There are contemporary accounts, including The Surveying Voyage of HMS Flag by Captain R. N. Blackwood (1848) and An Account of the Natives of the Tonga Islands by William Mariner (1817), as well as more recent histories such as Vice Admiral Sir Archibald Day's The Admiralty Hydrographic Service 1795-1919 (1967). The great pioneers in the field, including James Cook and William Fitzwilliam Owen, are also represented. Many of the secondary texts in the collection are authors' signed copies and Rear Admiral Ritchie's own works are present, too, including Challenger: the Life of a Survey Ship (1957), a biography of the ship commanded by him on a celebrated voyage of 1951-1952.

Ritchie, George Stephen, 1914-2012, Rear-Admiral

Trevelyan (Walter Calverley) Archive

  • WCT
  • Archive Collection
  • 1763 - 1951, bulk 1800 - 1879

The archive comprises mainly correspondence addressed to Sir Walter and his first wife Pauline Lady Trevelyan nee Paulina Jermyn. The letters reflect the couple's interests in natural history, botany, geology, antiquities, travel, temperance, phrenology, art and literature, and include examples from many well known contemporaries.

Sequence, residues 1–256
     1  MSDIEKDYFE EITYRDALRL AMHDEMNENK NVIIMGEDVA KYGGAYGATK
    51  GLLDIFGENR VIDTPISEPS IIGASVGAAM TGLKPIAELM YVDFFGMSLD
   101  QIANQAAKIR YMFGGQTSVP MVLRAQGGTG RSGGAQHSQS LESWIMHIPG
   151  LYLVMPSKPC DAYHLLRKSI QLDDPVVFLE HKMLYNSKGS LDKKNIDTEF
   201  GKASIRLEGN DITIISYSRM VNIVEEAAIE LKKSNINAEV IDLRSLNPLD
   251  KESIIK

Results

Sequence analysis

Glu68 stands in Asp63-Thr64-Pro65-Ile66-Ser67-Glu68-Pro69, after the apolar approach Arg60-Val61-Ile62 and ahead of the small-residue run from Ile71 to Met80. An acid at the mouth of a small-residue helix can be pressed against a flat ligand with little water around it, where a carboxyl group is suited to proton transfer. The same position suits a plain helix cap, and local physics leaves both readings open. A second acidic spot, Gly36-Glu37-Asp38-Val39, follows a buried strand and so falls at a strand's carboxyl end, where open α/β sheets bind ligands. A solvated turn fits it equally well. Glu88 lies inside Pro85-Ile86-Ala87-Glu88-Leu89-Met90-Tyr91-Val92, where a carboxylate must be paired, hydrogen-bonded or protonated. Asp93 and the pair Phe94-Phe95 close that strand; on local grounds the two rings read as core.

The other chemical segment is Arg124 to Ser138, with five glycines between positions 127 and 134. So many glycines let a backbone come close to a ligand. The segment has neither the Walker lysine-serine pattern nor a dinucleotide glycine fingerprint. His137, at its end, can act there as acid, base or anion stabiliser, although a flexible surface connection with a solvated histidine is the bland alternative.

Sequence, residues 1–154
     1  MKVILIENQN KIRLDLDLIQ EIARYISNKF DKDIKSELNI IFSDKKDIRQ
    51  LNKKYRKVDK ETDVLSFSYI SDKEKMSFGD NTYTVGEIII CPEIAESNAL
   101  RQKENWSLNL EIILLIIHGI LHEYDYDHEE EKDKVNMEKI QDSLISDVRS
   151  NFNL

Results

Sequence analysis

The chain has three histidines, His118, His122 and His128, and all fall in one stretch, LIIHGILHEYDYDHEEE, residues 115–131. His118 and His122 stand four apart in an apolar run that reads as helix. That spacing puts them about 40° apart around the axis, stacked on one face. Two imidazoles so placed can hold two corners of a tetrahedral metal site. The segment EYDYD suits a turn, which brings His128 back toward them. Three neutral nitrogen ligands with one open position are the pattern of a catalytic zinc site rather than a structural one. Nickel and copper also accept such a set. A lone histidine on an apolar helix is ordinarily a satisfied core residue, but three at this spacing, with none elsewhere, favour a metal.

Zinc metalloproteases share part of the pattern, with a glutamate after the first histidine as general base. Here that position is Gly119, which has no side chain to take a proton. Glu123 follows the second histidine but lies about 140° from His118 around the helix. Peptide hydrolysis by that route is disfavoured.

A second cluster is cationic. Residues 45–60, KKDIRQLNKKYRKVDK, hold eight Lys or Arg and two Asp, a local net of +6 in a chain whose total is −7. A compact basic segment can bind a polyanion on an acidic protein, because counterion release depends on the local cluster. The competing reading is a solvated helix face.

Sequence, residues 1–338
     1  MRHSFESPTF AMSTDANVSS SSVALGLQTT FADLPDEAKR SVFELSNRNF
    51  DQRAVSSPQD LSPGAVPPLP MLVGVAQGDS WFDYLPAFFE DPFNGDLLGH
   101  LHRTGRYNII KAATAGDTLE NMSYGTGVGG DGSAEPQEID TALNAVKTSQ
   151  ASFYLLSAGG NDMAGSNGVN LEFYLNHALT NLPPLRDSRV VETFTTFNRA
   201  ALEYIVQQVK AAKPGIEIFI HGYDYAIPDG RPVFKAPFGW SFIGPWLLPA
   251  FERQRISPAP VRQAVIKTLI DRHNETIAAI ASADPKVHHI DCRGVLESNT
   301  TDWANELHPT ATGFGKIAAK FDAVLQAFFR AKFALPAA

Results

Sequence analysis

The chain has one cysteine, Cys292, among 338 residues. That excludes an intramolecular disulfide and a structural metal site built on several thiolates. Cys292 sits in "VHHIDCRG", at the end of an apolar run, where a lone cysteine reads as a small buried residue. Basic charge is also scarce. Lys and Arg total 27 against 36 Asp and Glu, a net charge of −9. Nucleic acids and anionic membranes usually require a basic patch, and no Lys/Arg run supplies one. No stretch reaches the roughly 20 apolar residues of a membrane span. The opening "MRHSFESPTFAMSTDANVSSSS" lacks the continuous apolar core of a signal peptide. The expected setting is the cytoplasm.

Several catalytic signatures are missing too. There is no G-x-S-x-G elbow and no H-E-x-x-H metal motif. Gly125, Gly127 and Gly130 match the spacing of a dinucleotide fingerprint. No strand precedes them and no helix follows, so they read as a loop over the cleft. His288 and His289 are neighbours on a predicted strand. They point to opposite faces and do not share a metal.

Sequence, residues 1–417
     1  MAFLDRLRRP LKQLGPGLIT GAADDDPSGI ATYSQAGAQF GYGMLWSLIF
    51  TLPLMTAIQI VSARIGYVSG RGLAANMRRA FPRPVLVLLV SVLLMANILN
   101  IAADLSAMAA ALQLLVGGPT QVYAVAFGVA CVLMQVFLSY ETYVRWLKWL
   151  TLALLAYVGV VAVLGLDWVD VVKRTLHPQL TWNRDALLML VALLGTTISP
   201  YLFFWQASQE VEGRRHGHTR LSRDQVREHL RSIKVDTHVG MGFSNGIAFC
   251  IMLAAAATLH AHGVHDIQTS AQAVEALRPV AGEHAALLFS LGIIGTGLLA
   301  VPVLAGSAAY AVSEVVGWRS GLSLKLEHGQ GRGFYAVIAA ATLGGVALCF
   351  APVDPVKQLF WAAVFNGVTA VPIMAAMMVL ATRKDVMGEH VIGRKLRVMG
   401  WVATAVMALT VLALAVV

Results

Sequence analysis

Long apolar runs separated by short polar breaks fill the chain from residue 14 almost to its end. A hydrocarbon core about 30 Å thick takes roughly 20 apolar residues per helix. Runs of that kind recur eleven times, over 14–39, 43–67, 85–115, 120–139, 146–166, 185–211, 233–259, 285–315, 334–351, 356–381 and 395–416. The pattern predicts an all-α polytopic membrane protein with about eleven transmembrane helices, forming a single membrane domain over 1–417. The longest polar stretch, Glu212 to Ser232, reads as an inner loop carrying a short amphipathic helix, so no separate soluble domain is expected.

There is also material relating to the history of the Trevelyan family, accumulated during Walter and Charles Edward Trevelyan's preparation of 'The Trevelyan Papers' for publication.

The archive also features diaries and journals, sketchbooks, notes for speeches and scrapbooks. There is material relating to the North East of England, including proposed railways, Tyne crossings at Hexham and decoration of the Great Hall at Wallington.

Trevelyan, Lady Pauline, 1816-1866, nee Jermyn